The Seguin community is honoring a fallen soldier.
Staff Sergeant Richard Vazquez died Nov. 13 after he was wounded in Afghanistan. As a child, his family moved a lot, but his high school years in Seguin gave definition to his early life. That’s why, after each of his multiple tours of duty, he always came back to Central Texas to spend time with the people he loved.
Staff Sgt. Richard Vazquez and his older brother Romario were inseparable as children - in part because they were only 11-months apart.
After their parents’ divorce, the brothers developed a special bond.
Back then they lived in Louisiana. “We always played like we were Army guys,” says older brother Romario. “[We] had all the guns and [were] out in the woods.” Both loved the outdoors: scouting, hunting, and fishing.
But, then, the family moved to Texas. And that’s when the teenagers began shaping their own paths.
Sgt. Vazquez fell in love with football: a new type of combat. He was so committed to the sport that nothing else seemed to matter.
Retired English teacher Gerry Richardson remembers the first day he walked into her classroom. “He didn’t understand the importance of taking senior English.” He’d ask her what most teenagers ask, at one point or another, while they’re in high school: “What am I going to do with this?”
With Vazquez, Richardson took the question as a challenge. Since she loves history, she figured a boy who professed a love for the Army, combat and wars would likely enjoy a “war-infused” English class. So, she challenged him with literature from the Crusades. “And it just really captivated him.”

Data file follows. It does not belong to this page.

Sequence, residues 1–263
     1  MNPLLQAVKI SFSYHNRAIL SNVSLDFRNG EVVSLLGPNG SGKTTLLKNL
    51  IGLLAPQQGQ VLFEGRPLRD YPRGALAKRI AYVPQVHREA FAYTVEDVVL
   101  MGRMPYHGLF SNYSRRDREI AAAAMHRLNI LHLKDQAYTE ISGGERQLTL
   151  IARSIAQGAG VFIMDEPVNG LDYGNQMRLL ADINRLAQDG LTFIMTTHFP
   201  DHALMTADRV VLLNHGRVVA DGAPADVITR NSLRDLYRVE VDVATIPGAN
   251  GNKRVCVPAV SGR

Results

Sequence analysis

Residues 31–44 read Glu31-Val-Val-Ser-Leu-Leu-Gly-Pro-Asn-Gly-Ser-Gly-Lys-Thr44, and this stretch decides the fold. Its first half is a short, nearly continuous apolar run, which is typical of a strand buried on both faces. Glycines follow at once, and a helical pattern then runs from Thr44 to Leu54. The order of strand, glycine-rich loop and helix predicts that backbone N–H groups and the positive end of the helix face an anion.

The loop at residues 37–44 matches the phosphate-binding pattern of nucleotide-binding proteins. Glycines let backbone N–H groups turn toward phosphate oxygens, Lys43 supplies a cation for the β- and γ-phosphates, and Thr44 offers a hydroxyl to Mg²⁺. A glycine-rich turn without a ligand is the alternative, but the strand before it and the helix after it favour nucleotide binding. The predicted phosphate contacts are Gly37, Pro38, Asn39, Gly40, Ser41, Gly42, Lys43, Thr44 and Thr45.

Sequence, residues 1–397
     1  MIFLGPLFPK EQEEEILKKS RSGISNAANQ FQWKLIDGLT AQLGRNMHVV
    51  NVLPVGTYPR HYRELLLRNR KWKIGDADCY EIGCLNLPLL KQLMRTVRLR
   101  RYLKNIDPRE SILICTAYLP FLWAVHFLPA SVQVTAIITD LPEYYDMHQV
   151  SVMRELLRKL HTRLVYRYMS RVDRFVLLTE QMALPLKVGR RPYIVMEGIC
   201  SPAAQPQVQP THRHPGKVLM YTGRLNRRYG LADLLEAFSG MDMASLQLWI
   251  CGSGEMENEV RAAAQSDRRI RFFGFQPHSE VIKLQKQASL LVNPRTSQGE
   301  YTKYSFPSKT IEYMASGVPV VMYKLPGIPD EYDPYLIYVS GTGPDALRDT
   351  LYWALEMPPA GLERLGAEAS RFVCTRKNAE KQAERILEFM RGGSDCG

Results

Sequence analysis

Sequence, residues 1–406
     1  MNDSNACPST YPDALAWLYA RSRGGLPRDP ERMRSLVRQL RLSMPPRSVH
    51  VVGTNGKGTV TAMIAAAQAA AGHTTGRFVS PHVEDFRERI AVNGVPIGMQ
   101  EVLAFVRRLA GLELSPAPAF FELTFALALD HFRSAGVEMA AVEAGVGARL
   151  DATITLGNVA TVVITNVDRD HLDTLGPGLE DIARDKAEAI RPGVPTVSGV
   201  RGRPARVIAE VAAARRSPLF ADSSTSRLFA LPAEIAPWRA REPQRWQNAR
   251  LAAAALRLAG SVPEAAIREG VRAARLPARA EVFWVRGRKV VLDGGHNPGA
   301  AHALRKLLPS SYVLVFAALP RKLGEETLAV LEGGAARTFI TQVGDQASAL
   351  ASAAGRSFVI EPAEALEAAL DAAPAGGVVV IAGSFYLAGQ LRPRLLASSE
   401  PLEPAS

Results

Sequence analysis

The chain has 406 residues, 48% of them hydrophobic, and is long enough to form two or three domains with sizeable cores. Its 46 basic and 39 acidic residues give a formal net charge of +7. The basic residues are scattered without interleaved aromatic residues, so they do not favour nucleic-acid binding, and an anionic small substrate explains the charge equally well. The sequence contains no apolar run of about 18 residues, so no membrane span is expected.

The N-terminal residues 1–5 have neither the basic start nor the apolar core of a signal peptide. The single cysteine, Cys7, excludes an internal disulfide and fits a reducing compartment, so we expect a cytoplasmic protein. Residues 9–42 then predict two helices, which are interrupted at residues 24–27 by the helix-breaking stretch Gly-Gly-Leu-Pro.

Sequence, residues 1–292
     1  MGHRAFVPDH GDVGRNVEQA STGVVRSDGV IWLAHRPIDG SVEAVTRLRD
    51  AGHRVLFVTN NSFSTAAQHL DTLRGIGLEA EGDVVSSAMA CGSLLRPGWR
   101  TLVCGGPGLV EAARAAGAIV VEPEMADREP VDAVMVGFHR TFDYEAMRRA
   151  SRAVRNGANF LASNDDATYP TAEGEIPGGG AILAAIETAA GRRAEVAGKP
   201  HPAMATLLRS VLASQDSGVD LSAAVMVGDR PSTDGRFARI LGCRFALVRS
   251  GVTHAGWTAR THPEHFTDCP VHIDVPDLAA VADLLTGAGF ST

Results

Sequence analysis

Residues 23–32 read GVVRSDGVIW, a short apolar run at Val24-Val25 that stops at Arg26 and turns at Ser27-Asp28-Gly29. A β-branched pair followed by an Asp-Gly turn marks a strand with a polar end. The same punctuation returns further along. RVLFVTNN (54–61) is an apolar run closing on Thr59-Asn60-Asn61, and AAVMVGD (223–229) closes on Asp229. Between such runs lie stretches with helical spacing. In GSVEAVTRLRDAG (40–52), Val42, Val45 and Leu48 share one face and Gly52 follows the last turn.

The class turned from a chore into a joy. And just like everything else he enjoyed, he committed to it with heart and soul.
Vazquez became a speaker in Richardson’s classes. He made it a point to visit after every one of his multiple deployments. He’d talk to her students about how history is not dead, but instead it’s something we create every day. He’d also tell them the story about how he earned his purple heart.
As children, Romario knew Richard would inevitably enlist; it was his love, his passion.
Romario says it was also inevitable to talk about what they’d do if they ever lost each other. The brothers figured Puff Daddy and Faith Evans’ interpretation of the song “I’ll be missing you” would be their way of expressing their brotherly love. “We used to sing that song, like there’s no tomorrow,” Romario says. “We’d repeat it and repeat it.”
This would’ve been Vazquez’ last tour. Instead, it was his final. He was 28 and full of life. And though his final resting place will be in Louisiana, his second home was Texas. His parents and siblings say college football was his other love - and the Texas Longhorns his other passion.